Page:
DNA methylation in bacteria occurs in diverse sequence contexts and plays significant functional roles in cellular defense and gene regulation.
Three different forms of DNA methylation exist in bacterial genomes: N6-methyladenine (6mA), which is the most prevalent form; N4-methylcytosine (4mC); and 5-methylcytosine (5mC). Because bacteria lack histones and nucleosomes, DNA methylation is their primary means of epigenetic gene regulation.
Several studies have reported that bacterial DNA methylation has important roles affecting clinically relevant phenotypes such as virulence, host colonization, sporulation, biofilm formation, among others.
Nanopore sequencing, or “Strand sequencing,” provides an excellent opportunity for direct detection of chemical DNA modification. Nanopore sequencing has the additional potential to detect epigenetic modifications such as 5-methylcytosine and 5-hydroxymethylcytosine as well as abasic sites.
DNA sequencing is an effective method to reveal genetic variations at the molecular level and in understanding genome-wide methylation with single-nucleotide resolution. However, current methods and technologies used to detect DNA modifications from nanopore sequencing data do not effectively support the de novo study of unknown bacterial methylomes.
Read the original publication of this study here: [ Discovering multiple types of DNA methylation from bacteria and microbiome using nanopore sequencing ]
This study aimed to effectively capture the complex nanopore sequencing signal through a method that couples the identification and fine mapping of the three forms of DNA methylation into a multi-label classification design.
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Discovering and exploiting multiple types of DNA methylation from individual bacteria and microbiome using nanopore sequencing
Researchers observed that nanopore sequencing signal displays complex heterogeneity across methylation events of the same type by examining three types of DNA methylation in a large diversity of sequence contexts.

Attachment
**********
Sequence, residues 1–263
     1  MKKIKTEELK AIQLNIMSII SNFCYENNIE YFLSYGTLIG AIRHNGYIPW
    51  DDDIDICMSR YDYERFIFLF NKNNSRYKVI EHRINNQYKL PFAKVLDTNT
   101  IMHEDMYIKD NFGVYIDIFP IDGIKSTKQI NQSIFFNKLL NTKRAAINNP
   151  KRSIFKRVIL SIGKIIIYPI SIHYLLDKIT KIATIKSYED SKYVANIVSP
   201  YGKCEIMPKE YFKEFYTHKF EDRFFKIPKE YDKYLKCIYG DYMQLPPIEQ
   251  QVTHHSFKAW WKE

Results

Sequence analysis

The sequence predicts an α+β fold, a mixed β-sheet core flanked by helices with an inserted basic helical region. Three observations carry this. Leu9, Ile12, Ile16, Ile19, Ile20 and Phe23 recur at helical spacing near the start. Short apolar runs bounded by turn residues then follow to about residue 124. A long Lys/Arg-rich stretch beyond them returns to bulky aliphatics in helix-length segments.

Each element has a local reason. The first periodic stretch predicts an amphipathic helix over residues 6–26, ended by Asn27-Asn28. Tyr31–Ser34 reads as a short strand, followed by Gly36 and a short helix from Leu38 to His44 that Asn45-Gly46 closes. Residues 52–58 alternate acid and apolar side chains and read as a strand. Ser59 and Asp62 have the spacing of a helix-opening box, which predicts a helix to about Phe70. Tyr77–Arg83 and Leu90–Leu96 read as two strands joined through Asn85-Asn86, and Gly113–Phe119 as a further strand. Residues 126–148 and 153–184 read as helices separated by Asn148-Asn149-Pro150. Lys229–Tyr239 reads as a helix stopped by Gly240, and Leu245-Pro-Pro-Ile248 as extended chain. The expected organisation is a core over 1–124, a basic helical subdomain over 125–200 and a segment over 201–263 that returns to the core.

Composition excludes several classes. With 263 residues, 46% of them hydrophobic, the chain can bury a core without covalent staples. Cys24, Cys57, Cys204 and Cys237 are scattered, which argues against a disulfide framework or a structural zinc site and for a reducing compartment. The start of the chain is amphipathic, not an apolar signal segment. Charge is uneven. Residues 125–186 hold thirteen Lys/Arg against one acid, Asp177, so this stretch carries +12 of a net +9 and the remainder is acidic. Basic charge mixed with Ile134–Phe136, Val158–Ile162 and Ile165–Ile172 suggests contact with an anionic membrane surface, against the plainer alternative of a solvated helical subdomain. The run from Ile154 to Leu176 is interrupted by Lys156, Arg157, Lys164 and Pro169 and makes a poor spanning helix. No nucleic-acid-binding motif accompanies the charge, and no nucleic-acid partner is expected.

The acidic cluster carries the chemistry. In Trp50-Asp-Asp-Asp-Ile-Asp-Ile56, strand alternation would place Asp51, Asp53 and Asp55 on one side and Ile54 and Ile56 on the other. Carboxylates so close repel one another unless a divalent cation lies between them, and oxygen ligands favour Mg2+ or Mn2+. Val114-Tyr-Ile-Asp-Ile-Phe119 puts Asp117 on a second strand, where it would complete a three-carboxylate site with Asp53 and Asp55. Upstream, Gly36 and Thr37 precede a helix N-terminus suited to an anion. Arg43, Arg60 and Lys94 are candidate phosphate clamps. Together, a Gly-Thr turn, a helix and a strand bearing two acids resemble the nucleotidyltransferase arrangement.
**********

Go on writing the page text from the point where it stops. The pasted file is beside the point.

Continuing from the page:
In this study, nanodisco, a training dataset, was generated from an assortment of bacterial species to enable nanopore sequencing for broadly applicable methylation discovery. This method couples the identification and fine mapping of the three methylation forms into a multi-label classification framework.
Nanodisco dataset was applied to a single bacteria and the mouse gut microbiome for reliable methylation discovery.
In the microbiome analysis, the researchers demonstrated identifying misassembled metagenomic contigs (overlapping DNA segments from environmental samples). In addition, the microbiome analysis and the use of DNA methylation for binning metagenomic contigs and associating mobile genetic elements with their host genomes were also shown.
This technology has broad utility for discovering different forms of DNA methylation from bacteria, assisting functional studies of epigenetic regulation in bacteria, and exploiting bacterial epigenomes for more effective metagenomic analyses.
Furthermore, this novel method helps researchers discover DNA methylation from bacterial pathogens more effectively, opening new opportunities for approaching bacterial pathogens and antibiotics resistance.
- A more substantial study of bacterial DNA methylation requires reliable technologies. Nanodisco fills an important gap in that it now enables the use of Nanopore sequencing to make discoveries from bacterial genomes.
- DNA methylation in bacteria occurs in diverse sequence contexts and plays significant functional roles in cellular defense and gene regulation.
- DNA methylation is also prevalent in bacteria, but our current understanding is still at a relatively early stage.
You can read the original publication of this study here: [ Discovering multiple types of DNA methylation from bacteria and microbiome using nanopore sequencing ]